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The New York Times Building on June 3rd, 2012, New York,

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NEW YORK, April 7, 2015 ( – A New York Times columnist and a corporate leader have agreed that Christian churches “must” be convinced, or coerced, to change their teachings on sexual morality and abandon an “ossified” doctrinal teaching that sex outside heterosexual marriage is immoral.

Frank Bruni wrote that traditional Christianity – whether among evangelicals, Catholics, or Orthodox – provides the greatest resistance to normalizing homosexuality in the United States in a recent column in the New York Times.

“Homosexuality and Christianity don’t have to be in conflict in any church anywhere,” Bruni insisted. “The continued view of gays, lesbians and bisexuals as sinners is a decision. It’s a choice. It prioritizes scattered passages of ancient texts over all that has been learned since — as if time had stood still, as if the advances of science and knowledge meant nothing.”

Bruni quoted furniture tycoon Mitchell Gold, who has used his millions to found a liberal pressure group Faith in America, writing that Gold believes Christian churches “must be made 'to take homosexuality off the sin list.'”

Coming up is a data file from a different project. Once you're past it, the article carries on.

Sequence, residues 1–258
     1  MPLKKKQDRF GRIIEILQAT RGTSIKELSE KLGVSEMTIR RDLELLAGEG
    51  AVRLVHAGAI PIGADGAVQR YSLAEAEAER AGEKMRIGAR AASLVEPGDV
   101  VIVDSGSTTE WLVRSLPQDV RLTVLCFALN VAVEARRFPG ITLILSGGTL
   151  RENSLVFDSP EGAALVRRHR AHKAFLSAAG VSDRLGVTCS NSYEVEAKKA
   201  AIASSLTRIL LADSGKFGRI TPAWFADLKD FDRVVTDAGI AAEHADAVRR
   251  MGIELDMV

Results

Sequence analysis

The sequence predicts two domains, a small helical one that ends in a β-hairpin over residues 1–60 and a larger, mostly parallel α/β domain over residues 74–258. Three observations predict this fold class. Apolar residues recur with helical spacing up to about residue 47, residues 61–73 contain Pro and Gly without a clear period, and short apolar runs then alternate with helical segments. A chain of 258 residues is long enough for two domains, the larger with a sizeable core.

“His commandment is worthy — and warranted,” Bruni added.

The column sparked outrage at the notion that a successful businessman and an op-ed writer could induce the Christian Church to ignore a 2,000-year-old dogma.

Noting Bruni's column at The American Conservative, Rod Dreher wrote that he would find a conservative columnist lecturing liberal denominations that they “must” change their moral theology equally “appalling” as an act of imposition.

“But of course nobody on that side seems to have the slightest doubt about their cause, their motives, or their methods. None,” he wrote. “In a holy war, there is no room for doubt.”

A number of mainline Protestant churches have, in effect, taken Gold's advice, condoning – if not celebrating – homosexuality and allowing sexually active homosexuals to be ordained as pastors.

The Episcopal Church saw its membership decline by half-a-million people between 2002 and 2012. After changing its views of homosexuals, the Evangelical Lutheran Church in America (ELCA) lost more than 600,000 people – in excess of 12 percent of its total members – in just three years. The first mainline church to allow for homosexual ordination, the United Church of Christ (UCC), lost 350 congregations within three years of its 2004 decision.

But even refraining from calling same-sex relations a sin – or, in the words of the Catechism of the Catholic Church, “intrinsically disordered” – is not enough for the modern LGBT movement.

“The LGBT militants are not asking to be left alone,” said former Reagan administration adviser Pat Buchanan, a co-founder of The American Conservative. “They are demanding that we accept the morality of homosexuality and same-sex marriages, and manifest that acceptance, under pain of law and sanctions, in our daily lives.”

Buchanan said during an interview with that orthodox Christian churches must have one response to demands that they alter their teachings to fit the modern zeitgeist: “The answer is no. If it comes to civil disobedience, so be it.”

Buchanan's statement came as a number of prominent evangelical Christian leaders have called for open acts of nonviolent resistance if the Supreme Court forces states to accept homosexual “marriages” this summer.


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